Keeping Records of Racist Crimes

“The generic courses for detectives at Constable, Sergeant and Inspector ranks include many modules addressing short comings highlighted in the Stephen Lawrence Inquiry, including decision making and recording, scene preservation and exhibit handling, family liaison, use of intelligence, media handling, community impact, critical incident resolution, hate crime investigation.”

The Standard Operating Procedures for Hate Crime are published by the Metropolitan Police (MET) in its 4th version provide guidance on how the police should respond and outlines investigating standards.

Information is now recorded on Crime Recording Information System (CRIS) and Crime Intelligence (CrimInt) systems. This report states how data standards are under constant review. The Violence Crime Directorate Community Safety Unit (CSU) Service Delivery Team work on quality assuring Hate Crime investigations and provide feedback from these investigations to the CSU managers. The MPS (Metropolitan Police Service) Crime Recording Oversight Group makes sure that the Operational Command Units (OCUs) are in line with the National Crime Reporting Standard (NCRS) and recording standards.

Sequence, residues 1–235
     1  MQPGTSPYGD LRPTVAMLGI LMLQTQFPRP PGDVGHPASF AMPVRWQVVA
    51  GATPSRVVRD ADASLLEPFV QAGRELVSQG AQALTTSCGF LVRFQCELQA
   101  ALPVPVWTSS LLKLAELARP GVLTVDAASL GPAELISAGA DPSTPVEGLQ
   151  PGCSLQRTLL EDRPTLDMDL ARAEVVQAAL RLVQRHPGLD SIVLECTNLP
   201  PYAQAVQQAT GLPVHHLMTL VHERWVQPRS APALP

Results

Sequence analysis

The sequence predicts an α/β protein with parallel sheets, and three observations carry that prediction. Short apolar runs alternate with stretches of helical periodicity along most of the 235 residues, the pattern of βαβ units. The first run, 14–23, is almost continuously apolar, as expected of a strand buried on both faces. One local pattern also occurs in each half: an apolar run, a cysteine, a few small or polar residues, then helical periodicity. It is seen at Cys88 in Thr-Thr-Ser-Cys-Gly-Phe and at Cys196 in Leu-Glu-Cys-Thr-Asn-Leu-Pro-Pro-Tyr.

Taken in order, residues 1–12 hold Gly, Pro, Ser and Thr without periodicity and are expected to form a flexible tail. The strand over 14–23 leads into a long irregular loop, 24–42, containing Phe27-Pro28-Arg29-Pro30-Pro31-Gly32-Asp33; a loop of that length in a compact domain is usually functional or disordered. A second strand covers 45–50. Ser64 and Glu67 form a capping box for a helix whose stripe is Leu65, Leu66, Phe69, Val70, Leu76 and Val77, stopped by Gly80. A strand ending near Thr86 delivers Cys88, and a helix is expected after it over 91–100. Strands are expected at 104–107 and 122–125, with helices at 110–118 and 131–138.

The MET also provides guidance on how to record hate crime incidents.

The Holmes IT system records enquiry information and offers guidance and information on how to handle and how to dispose of ‘working notes’ made by officers and staff during the investigation. The National Policing Improvement Agency (NPIA) provides an introduction into its use on its website.

The Criminal Proceedings Investigations Act 1996 governs the retention of prosecution case papers. The MPS’s own policy states that in normal circumstances papers should be retained for six years. In more serious crimes such as outstanding murder, sexual offences etc papers are retained for a longer period.

© Büro zur Umsetzung von Gleichbehandlung e.V. 2011